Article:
President William Ruto

President William Ruto. In just six months, the President has committed most of the “sins” he accused his predecessor, Uhuru Kenyatta, of committing.

Photo credit: Pool I Nation Media Group

Dr Ruto also claimed that most of the corruption cases against his allies were politically instigated.

Upon assuming office, most of the cases facing his allies were dropped by Director of Public Prosecutions Noordin Haji, in a move that critics said had the blessings of the Presidency.

The DCI recently quizzed former Interior Cabinet Secretary Fred Matiang’i for hours. 

The case against the former powerful minister was later dropped after a series of meetings by politicians from his region. 

The incident and the recent push by some Kenya Kwanza lawmakers to have KRA go for Mr Kenyatta and his family point at a similar pattern of using state agencies to settle political scores.


Homa Bay Senator Moses Kajwang said the weaponisation of independent institutions is getting worse in Dr Ruto’s administration.

“We have seen it from the ODPP, the KRA, the Controller of Budget and the DCI,” Senator Kajwang said. 

“What the heads of these institutions don’t seem to realise is that there will come a time they will be held to account. That will be a lonely day as they will carry their crosses individually. Their puppet masters will not protect them. This is why I appeal to heads of independent institutions to do the right thing for Kenya and avoid being used to pursue political vendetta.”

ODM chairman John Mbadi said people associated with Mr Kenyatta are being targeted while those allied to this regime have had their cases dropped. He added that even the judiciary was also under state capture.

“It is wrong when the government decides to weaponise the fight against corruption. When this regime came to power, they started withdrawing cases against people allied to it and had the same state agencies go after people who supported Azimio,” Mr Mbadi said. 

“It is a dangerous trend because ordinary people will lose confidence in our Judiciary. There is a perception that these agencies are getting orders from certain quarters.”

Azimio la Umoja One Kenya Secretary-General Junet Mohamed said: “The forest is the same. It is the monkeys that changed. They are using the same tactics they claimed were used on them. You toe their line or they unleash security agencies on you.”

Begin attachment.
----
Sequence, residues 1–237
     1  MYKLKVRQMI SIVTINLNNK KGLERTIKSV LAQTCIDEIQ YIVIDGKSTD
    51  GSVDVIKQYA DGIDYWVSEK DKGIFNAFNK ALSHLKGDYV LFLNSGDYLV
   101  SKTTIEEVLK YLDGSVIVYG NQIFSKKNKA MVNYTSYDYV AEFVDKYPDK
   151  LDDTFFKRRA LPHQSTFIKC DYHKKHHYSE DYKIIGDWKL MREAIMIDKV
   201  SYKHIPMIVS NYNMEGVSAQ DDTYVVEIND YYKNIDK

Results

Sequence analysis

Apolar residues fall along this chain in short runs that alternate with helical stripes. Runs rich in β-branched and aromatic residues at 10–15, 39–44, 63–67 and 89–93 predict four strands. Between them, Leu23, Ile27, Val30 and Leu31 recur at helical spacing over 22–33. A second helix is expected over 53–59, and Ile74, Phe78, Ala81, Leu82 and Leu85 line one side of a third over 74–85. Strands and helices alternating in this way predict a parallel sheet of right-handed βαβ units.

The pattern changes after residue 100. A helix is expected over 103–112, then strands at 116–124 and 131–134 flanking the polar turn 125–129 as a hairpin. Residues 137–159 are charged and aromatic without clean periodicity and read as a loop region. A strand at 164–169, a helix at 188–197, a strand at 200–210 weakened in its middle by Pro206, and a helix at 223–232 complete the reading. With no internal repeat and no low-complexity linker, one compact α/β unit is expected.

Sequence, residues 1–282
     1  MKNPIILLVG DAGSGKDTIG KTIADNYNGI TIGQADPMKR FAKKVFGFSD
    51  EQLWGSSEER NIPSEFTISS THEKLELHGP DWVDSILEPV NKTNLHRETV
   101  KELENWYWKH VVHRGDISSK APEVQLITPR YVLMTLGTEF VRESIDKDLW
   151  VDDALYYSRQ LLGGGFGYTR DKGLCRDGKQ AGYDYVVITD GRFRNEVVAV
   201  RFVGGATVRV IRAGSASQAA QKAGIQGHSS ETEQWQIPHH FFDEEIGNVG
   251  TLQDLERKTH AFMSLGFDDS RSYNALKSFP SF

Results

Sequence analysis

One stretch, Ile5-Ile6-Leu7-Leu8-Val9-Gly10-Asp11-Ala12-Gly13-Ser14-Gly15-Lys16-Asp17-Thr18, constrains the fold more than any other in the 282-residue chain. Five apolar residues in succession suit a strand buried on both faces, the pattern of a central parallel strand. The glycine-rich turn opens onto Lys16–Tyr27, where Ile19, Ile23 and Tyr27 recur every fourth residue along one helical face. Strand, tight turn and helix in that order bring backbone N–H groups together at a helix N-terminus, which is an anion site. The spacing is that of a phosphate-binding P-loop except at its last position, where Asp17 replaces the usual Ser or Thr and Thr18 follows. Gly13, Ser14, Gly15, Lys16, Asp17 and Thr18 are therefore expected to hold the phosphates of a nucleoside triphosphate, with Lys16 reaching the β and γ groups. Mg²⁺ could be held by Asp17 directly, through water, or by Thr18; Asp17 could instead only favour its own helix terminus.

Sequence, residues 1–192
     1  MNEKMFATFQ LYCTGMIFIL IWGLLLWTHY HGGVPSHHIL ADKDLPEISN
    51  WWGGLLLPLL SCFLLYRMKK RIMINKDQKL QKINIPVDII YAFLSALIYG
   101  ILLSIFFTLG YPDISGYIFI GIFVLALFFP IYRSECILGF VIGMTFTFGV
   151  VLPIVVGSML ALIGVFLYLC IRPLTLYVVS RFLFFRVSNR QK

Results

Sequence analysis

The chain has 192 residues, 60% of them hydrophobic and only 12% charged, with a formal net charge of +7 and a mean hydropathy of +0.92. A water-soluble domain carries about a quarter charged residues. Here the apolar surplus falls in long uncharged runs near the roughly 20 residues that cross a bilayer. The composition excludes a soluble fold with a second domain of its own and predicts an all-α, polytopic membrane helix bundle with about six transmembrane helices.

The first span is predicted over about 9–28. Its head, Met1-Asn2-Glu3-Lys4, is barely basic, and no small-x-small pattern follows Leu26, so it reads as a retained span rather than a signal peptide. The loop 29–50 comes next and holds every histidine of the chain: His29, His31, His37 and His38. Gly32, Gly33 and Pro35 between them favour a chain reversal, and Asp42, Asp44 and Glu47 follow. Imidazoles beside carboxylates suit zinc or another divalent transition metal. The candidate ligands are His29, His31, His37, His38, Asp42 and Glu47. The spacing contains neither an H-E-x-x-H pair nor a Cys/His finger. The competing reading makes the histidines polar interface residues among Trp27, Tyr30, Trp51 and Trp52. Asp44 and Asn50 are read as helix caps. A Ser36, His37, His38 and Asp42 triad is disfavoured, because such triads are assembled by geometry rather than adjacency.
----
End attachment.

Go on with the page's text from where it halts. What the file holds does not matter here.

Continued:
Under the “Ending State Capture” sub-topic, Dr Ruto had in his manifesto promised to establish, “within 30 days, a quasi-judicial public inquiry to establish the extent of cronyism and state capture in the nation and make recommendations”.

He accused the Jubilee government of being beholden to cartels, fraudsters and economic saboteurs.

Some of the individuals Dr Ruto has appointed to key government positions have had criminal cases, including tax evasion. 

National Assembly Deputy Majority Leader, Owen Baya said KRA does not require prompting to carry out its mandate. 

He dismissed accusations that security agencies are being used to target state opponents.

“The fact that the case (Matiangi’s) was dropped does not mean they were instructed by someone. We have the ODPP that has the final say on whether a case has merit to proceed for prosecution,” Mr Baya said. 

“Even KRA does not require not require prompting to swing into action. What the politicians are saying does not in any way influence their decision.”

"Insufficient evidence"

Mr Cherargei echoed the sentiments, saying many cases are dropped daily for lack of sufficient evidence.

“Every case has a threshold. When the DPP dropped the case, it was because the evidence provided was not sufficient. It is not that the case was decided on political grounds,” he said.

Dr Ruto had also accused Mr Kenyatta of heavy borrowing to finance projects that were not having an immediate impact on the lives of Kenyans. 

He said Mr Kenyatta and Mr Odinga were using their political alliance to push through public debt and punitive taxation.

“Was the handshake a licence to burden Kenyans with punitive public debt, punitive taxation, punitive food prices and a high cost of living?” Prime Cabinet Secretary Musalia Mudavadi asked during the campaigns.

Early this week, Italy pledged to advance Sh14 billion to Kenya in grants and soft loans for various projects on top of Sh76.8 billion syndicated loan the Treasury is seeking through four international banks. 

In his first three months in office, Dr Ruto’s administration borrowed more than Sh137 billion, recording an average monthly borrowing of Sh45.8 billion.

About four months before the polls, Dr Ruto said the high fuel prices were not due to ordinary market responses to global crude oil price dynamics but a result of “collusion between monopolistic cartels and economic saboteurs on one hand and oblivious, reckless, insensitive and incompetent public officials on the other.”

The state announced in its latest fuel price review a record high of Sh179.30 for petrol, diesel (Sh162) and kerosene (Sh145.94) in Nairobi.